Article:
Wednesday, February 8, 2012

Inside view: How Santorum won in Colorado

Posted By on Wed, Feb 8, 2012 at 3:20 PM

It was, as Bulwer-Lytton might have written, a dark and stormy night when I pulled into the Coronado High School parking lot early Tuesday night to attend the Republican caucuses. Having publicly admitted that I was an accidental Gopster, an opportunistic lib’rul among principled conservatives, I didn’t expect to be welcomed with open arms.

Former state Sen. MaryAnne Tebedo had thrown down the gauntlet in an e-mail the day before.

“Dear John,” she wrote “thank you for reminding me about the caucuses tomorrow evening. Sorry you did not know enough about your party to know about your precinct number. If all liberals are as uninformed as you, few of you will attend the caucuses, which are, by the way, not events for rock climbing apparatus, food stands, or free pizza, but an events for serious Americans to begin, in Colorado, their involvement in the important political process for electing our representatives in our American Republic. Please try to find a Democrat caucus and do your thing there. And please, get off the Republican rolls. While you have some interesting ideas for debate, you are really worse than a RINO.”

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In such bitter weather, I didn’t expect much of a turnout — and was I ever wrong. The parking lot was full, as hundreds of caucusgoers braved the wind and blowing snow and streamed into Coronado’s dispiriting halls, where overhead fluorescents cast their baleful light.

I asked someone where Precinct 110 was caucusing.

“You’re in the wrong building, John,” she said briskly. “You should be with your Democrat liberal friends.”

The room was full to overflowing, as 45 registered Republicans from precinct 110 crowded into a classroom.
Party activist/precinct chair Brad Collins, resplendent in a dark suit, American flag tie, and American flag pin started the meeting at exactly 7 p.m.

First item on the agenda: the presidential straw poll.

Each of us had a preprinted ballot containing seven names, which had been prepared before Rick Perry, Michele Bachmann, and Jon Huntsman had dropped out. Collins encouraged attendees to vote for one of the remaining four (Ron Paul, Mitt Romney, Newt Gingrich, or Rick Santorum) rather than wasting a vote on a non-candidate. He then opened the floor to speakers.

It didn’t look like a Romney crowd — older, shabbier, a little careworn. It didn’t look like a Gingrich room either — these were hardworking folks who hadn’t spent their lives divorcing spouses and cashing million-dollar checks from lobbying clients. Maybe Ron Paul? There were a dozen younger attendees. Santorum?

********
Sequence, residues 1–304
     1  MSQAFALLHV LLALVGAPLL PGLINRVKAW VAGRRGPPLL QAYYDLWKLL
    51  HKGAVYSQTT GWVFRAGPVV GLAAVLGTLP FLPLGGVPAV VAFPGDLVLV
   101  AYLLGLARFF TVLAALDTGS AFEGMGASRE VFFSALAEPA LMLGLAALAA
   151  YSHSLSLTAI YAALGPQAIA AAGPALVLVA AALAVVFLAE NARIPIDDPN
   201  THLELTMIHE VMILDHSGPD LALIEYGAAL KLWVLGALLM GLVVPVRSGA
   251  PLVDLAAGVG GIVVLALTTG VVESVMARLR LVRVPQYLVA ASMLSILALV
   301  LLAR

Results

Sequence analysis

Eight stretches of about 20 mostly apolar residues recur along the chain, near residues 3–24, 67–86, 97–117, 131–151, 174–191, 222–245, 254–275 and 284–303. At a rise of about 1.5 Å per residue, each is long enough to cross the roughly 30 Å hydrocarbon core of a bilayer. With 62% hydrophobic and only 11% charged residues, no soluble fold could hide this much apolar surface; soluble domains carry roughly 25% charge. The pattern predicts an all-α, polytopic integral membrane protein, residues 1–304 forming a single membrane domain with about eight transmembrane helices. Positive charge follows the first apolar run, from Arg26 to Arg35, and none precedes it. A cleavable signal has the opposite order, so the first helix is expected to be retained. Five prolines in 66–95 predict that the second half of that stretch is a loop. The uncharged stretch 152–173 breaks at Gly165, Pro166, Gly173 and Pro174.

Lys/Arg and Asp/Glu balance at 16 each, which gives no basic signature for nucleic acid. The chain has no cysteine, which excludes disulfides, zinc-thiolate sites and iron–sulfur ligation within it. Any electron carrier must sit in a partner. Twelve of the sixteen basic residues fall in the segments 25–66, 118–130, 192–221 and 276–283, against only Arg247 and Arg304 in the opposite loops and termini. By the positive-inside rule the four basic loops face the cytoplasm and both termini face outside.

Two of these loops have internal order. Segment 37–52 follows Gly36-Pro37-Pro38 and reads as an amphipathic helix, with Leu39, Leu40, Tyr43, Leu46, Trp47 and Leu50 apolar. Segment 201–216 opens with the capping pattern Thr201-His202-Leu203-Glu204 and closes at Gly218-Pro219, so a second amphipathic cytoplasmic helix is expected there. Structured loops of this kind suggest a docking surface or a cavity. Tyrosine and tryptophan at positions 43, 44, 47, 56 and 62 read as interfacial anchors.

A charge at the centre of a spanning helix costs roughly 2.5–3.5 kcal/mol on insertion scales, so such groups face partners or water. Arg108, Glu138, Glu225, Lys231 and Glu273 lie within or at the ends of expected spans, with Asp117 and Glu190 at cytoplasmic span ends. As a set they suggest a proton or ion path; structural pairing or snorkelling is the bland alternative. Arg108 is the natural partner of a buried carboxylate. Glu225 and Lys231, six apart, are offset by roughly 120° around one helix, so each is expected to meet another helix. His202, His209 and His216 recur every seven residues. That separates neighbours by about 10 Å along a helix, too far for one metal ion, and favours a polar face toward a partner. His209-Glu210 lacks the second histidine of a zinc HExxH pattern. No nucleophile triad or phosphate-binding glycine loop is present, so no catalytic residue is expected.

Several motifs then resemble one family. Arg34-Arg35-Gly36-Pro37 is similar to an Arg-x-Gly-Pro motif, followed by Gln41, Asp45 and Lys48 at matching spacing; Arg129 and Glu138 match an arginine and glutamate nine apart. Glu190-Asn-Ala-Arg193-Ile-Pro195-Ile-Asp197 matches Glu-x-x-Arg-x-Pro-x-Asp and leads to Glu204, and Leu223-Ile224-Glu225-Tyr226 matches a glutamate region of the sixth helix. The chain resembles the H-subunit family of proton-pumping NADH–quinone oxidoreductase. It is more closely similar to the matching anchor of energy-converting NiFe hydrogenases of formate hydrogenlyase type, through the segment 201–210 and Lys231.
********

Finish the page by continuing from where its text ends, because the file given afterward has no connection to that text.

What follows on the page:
Half a dozen people rose to support the former Pennsylvania senator.

“Rick Santorum can take it to the next level,” said one middle-aged man.

“Obama is just waiting for Romney,” said an older woman. “If he gets Santorum, boom! He won’t know what to do.”

“The future of this country hinges on the family, the traditional family-and Rick Santorum understands that. If he can budget for his family, then he can budget for his country.”

Other caucusgoers cast their lot with Romney. They seemed more polished, more sure of their facts (even when their facts weren’t true), and somewhat puzzled by the sudden flowering of Santorum supporters.

“I know Gov. Romney,” said a well-dressed woman who was serving as caucus Secretary, “and he’s a businessman, which we really need to run the country, and he’s very, very conservative.”

No one stood up to support Gingrich or Ron Paul.

Time to vote. We were seated classroom style, in those plywood chairs with writing arms that plagued us all as adolescents, so it was easy to peek at your neighbors’ ballots. All Santorum.

Our precinct mirrored El Paso County, where Santorum won a clear majority, cementing his statewide victory. Romney may have won Colorado with 60 percent of the vote in 2008, but there’s a new sheriff in town.

Santorum’s victory in the straw poll was stunning … but it may not mean much.

That’s because the straw poll isn’t binding. Delegates to the state convention aren’t obliged to support the candidate chosen thereby, and you can bet that the party machinery is already making sure that Santorum’s apparent home run turns into a strikeout.

Look, for example, at the list of local elected officials and leaders who have endorsed Romney. It’s a lineup as powerful as the 1927 Yankees, one which includes Bill Hybl, Dan May, John Suthers, Kyle Hybl, and Phil Anschutz, as well as Wayne Williams, Mark Waller, Bob Gardner and Larry Liston.

But who knows? Last night’s caucusgoers seemed to come from the deep wellsprings of the Republican party, the dissatisfied majority who would like to see someone who mirrors their lives, hopes, and beliefs. Their verdict was clear: that someone ain’t Mitt.

The often-scorned Santorum may be that man. Like Bill Clinton, he’s learned from defeat as well as victory. Like Barack Obama, he appeals to a rank and file that doesn’t much like their anointed leader. And like both of them, he’s young, energetic, and far less robotic than his older opponent.

So we’ve got a horse race, folks, and the power brokers may have to reprogram RoboMitt to deal with the new reality.

And as for me? I walked out in the cold determined to change my registration and hang out with my liberal friends.

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